2460Re: Chemistry thoughts
- Oct 9, 2003One other thing, tying this and the Olympic quals together -- in
looking at the 2002 World's team that did so poorly, I believe that is
a team that struggled from lack of chemistry. Andre Miller and Paul
Pierce dominated the possessions (up over 30% of team possessions in
an all-star lineup?). Maybe it was because the low box guys weren't
big scorers, but I do think more effort should have been spent to get
those low post guys to look to score. I haven't done the full
calculations, but I'm guessing that that team could have been about
10% better offensively if they'd spread the ball around a bit more.
Harder to determine how chemistry would have impacted the defensive
side, but probably some because the big guys were decent defenders in
Wallace, O'Neal, and A. Davis (Brand suffers a little).
--- In APBR_analysis@yahoogroups.com, "Dean Oliver" <deano@r...> wrote:
> --- In APBR_analysis@yahoogroups.com, igor eduardo küpfer
> <igorkupfer@r...> wrote:
> > ----- Original Message -----
> > From: "Dean Oliver" <deano@r...>
> > To: <APBR_analysis@yahoogroups.com>
> > Sent: Wednesday, October 08, 2003 12:39 PM
> > Subject: [APBR_analysis] Olympic Quals
> > >
> > > Has anyone done any statistical evaluation of the Olympic
> > > games this summer? I'd be curious how the NBA guys played, but
> > > how potential prospects from other countries looked.
> > >
> > > usabasketball.com has all the boxes...
> > >
> > Is that a hint? :-) I was looking at some of that stuff, off and
> on. I'll
> > post something this week.
> > BTW a question came up on one of the newsgroups about team
> chemistry, and
> > its usefulness as a concept for analysing team play. I seem to
> recall that
> > you looked at the matter. Do you have any thoughts?
> Some of my thoughts were in that Ramp Magazine article that just came
> out (though Ramp went belly up right afterward). Some quick thoughts:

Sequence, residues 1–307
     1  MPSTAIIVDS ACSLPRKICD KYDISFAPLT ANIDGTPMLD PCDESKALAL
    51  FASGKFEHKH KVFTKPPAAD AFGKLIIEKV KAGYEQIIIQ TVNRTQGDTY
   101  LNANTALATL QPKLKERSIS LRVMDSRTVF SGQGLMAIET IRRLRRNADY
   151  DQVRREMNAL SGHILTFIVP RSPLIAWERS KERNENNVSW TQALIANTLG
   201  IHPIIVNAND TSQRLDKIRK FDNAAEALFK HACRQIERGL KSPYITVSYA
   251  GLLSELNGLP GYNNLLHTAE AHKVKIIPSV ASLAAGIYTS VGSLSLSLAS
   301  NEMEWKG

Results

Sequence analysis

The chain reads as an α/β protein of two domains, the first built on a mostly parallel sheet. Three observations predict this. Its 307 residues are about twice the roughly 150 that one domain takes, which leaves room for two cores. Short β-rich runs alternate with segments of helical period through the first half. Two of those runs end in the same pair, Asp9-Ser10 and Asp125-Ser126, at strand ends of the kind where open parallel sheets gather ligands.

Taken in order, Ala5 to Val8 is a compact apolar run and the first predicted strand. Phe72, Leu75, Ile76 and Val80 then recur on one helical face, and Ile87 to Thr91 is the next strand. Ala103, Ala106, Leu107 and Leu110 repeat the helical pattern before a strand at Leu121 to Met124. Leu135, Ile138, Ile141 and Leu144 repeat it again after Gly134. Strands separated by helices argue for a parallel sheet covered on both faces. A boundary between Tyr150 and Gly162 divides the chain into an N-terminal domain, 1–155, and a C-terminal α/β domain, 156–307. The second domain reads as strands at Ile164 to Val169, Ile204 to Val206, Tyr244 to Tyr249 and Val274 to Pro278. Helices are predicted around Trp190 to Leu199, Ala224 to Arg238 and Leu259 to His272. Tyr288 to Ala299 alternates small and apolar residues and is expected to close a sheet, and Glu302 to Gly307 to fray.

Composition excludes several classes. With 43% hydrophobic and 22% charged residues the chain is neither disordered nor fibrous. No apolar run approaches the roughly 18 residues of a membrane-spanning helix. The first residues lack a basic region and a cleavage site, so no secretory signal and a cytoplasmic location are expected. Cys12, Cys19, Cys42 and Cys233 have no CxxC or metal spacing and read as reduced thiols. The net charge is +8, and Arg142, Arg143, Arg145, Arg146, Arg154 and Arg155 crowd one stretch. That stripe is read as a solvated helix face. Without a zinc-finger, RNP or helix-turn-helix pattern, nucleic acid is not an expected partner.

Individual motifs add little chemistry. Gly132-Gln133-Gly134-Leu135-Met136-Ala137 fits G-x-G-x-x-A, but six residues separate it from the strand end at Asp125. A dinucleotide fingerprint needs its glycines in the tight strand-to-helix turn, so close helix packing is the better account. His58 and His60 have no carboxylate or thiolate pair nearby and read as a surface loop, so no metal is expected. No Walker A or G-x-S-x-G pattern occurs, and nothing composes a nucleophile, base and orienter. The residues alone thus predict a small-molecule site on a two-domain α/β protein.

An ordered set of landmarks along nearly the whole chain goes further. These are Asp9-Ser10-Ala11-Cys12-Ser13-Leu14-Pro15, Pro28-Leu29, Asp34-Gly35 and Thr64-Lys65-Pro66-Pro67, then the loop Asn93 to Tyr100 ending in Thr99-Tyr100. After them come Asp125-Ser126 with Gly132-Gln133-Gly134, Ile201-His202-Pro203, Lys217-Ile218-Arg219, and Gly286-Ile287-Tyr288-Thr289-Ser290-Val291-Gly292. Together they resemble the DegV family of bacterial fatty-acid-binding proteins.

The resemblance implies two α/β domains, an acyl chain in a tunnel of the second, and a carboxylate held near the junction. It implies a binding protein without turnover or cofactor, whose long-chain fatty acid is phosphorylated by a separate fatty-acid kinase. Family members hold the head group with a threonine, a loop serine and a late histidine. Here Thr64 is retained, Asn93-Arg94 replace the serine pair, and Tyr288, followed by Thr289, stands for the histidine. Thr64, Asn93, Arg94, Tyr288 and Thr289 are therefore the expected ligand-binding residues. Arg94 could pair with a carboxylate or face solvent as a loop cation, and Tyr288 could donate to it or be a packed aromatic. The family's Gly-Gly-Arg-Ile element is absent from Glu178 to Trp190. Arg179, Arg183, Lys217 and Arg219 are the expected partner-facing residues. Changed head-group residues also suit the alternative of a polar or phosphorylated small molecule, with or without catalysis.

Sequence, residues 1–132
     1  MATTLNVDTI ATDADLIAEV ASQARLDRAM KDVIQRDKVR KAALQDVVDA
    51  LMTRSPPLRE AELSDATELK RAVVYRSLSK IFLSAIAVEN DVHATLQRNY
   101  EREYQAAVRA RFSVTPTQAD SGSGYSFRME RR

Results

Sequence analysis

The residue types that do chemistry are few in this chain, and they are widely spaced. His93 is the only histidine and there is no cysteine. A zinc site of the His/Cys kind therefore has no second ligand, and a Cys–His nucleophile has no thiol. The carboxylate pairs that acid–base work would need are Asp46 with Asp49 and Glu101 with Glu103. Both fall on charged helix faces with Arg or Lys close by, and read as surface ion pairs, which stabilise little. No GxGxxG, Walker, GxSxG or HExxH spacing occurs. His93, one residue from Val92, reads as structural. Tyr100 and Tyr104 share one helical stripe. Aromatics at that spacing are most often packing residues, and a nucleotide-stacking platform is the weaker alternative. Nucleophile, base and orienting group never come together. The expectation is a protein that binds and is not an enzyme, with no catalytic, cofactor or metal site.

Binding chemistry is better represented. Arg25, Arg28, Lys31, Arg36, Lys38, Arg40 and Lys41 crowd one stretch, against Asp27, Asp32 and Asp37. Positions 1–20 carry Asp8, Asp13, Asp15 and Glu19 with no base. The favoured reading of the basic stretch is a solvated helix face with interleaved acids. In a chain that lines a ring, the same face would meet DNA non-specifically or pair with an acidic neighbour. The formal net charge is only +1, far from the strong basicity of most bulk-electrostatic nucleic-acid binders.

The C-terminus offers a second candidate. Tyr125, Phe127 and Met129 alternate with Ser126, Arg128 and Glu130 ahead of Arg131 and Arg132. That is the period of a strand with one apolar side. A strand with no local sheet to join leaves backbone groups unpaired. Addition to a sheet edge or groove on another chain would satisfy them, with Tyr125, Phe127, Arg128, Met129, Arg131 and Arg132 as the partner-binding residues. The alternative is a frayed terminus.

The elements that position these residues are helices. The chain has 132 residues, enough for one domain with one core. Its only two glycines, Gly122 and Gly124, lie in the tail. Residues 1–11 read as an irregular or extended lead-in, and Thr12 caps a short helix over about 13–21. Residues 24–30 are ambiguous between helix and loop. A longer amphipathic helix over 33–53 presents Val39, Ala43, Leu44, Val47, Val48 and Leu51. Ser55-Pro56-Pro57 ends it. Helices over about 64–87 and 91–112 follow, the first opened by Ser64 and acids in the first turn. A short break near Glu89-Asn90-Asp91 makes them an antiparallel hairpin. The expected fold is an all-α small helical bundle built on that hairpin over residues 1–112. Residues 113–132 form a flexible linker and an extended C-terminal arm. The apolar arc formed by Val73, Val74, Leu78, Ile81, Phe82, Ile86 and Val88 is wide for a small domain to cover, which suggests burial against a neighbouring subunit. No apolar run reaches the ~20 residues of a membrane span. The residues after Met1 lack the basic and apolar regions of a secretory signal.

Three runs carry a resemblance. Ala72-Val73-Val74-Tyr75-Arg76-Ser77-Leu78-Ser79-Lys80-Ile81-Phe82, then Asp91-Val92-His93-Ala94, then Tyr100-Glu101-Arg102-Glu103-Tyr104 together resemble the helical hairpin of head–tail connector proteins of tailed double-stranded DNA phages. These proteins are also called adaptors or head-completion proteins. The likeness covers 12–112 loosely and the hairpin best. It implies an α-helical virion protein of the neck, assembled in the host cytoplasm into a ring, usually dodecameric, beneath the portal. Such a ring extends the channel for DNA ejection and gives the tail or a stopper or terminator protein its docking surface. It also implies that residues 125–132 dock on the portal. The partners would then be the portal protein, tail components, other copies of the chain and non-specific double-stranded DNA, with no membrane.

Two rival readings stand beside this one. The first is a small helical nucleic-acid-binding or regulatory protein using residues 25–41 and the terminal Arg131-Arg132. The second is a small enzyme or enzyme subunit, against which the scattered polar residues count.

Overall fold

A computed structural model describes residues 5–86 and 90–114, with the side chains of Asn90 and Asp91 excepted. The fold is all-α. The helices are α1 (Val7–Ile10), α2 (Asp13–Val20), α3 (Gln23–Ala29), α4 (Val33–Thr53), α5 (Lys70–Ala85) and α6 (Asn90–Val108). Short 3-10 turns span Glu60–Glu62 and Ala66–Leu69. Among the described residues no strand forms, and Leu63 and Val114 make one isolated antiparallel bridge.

> - It matters. Normally, it's only a few games a season, plus or
> minus. In rare occasions, it matters more than that. I think you
> can engineer chemistry more than teams have -- I think it can be
> worth more than a few games per season, but it rarely is implemented
> that way in the NBA (Larry Brown is very good at this).
> - What is chemistry? It can be a few things. The Ramp article
> talked about how well guys get along. That's one thing. I also
> think about how well guys fit together -- do their strengths
> compliment each other to neutralize each other's weaknesses? That's
> one I like looking at. A numerical example comes from methods of
> evaluation that show big men to be the best players. Why don't teams
> just stick 5 big guys on the floor? Well, because their other skills
> that aren't measured are blended together pretty well.
> - Chemistry in most people's minds means that the whole is greater
> than the sum of the parts. I've done some analysis of what this
> could mean. There are cases where the whole appears to be less than
> the sum of the parts. Chapter 19 in the book shows one case of
> chemistry and how you have to mix things right -- it's got a lot of
> numbers, but I don't explicitly mention "chemistry" here. I went
> back and forth about doing so and just felt like it gets in the way
> of the message.
> - Ramp's quote is illustrative, too. "[It's like pornography,] I
> know it when I see it." What we should do is look at cases where
> people have said that chemistry is important and see what is common
> among those cases.
> Those are quick thoughts. Gotta work...
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